Instructional Design

eLearning Storyboarding: 3 Things to Consider

We all know the general arc of a storyline from English 101: It starts with rising action, peaks at the climax and then the action falls to meet the resolution. In eLearning, storyboarding might share some of the same components of a great plot arc, but it’s really about laying out exactly what you want to say and how you say it. By taking your audience into consideration, you can lay out a succession of components that (hopefully) culminate in the resolution of your course.

1. Who is your audience?

Your audience should be first and foremost in your mind as you lay out exactly how your eLearning course should look. Knowing how to engage your learner means being sensitive to learning levels, preferences and motivation. Consider the material from a learner’s perspective: How will they view the material and are they familiar with the delivery platform? Choose components and a delivery method that meet your audience’s needs and preferences.

2. How does the eLearning material flow?

Instructional designers know that too much media can muddle message; but too much text and your learners could end up totally bored. As you plan your custom e-Learning storyboard, alternate chunks of text with multimedia and engagement to keep your learners glued. While it’s OK to include plenty of information, making the board too info-heavy could be detrimental. Fill in the gaps with graphics, videos and even voice clips.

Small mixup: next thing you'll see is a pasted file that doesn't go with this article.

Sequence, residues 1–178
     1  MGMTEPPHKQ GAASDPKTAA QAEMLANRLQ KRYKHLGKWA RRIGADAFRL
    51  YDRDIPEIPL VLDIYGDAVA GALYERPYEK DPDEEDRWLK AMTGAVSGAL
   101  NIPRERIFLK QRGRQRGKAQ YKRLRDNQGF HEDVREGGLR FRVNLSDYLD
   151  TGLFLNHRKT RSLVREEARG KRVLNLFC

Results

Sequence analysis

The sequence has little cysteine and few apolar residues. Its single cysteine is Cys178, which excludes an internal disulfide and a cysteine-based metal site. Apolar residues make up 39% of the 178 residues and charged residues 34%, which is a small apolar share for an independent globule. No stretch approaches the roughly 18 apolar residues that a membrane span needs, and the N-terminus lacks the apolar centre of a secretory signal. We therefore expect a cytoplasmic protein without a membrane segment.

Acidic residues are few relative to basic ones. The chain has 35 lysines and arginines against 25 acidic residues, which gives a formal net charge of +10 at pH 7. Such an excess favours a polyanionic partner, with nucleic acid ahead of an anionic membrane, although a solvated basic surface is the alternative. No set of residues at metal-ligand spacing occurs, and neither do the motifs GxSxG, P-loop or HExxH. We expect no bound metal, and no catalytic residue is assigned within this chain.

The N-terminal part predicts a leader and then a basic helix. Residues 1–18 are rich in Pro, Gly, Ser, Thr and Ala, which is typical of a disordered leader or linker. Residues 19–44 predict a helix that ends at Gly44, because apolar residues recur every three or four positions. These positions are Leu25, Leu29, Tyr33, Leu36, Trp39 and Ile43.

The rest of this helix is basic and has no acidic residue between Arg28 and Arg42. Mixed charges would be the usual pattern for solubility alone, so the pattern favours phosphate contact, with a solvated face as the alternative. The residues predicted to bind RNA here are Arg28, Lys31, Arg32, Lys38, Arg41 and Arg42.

3. What’s the most appropriate format?

As you look over your eLearning storyboard, you should be able to decide on a delivery method that works best. If the material is experience-based, for instance, tacking a game or quiz at the end could help you resolve your course. If the curriculum is text-heavy, perhaps a cue-card approach might help learners retain info. By matching the delivery method with the components, your storyboard eventually becomes the success story.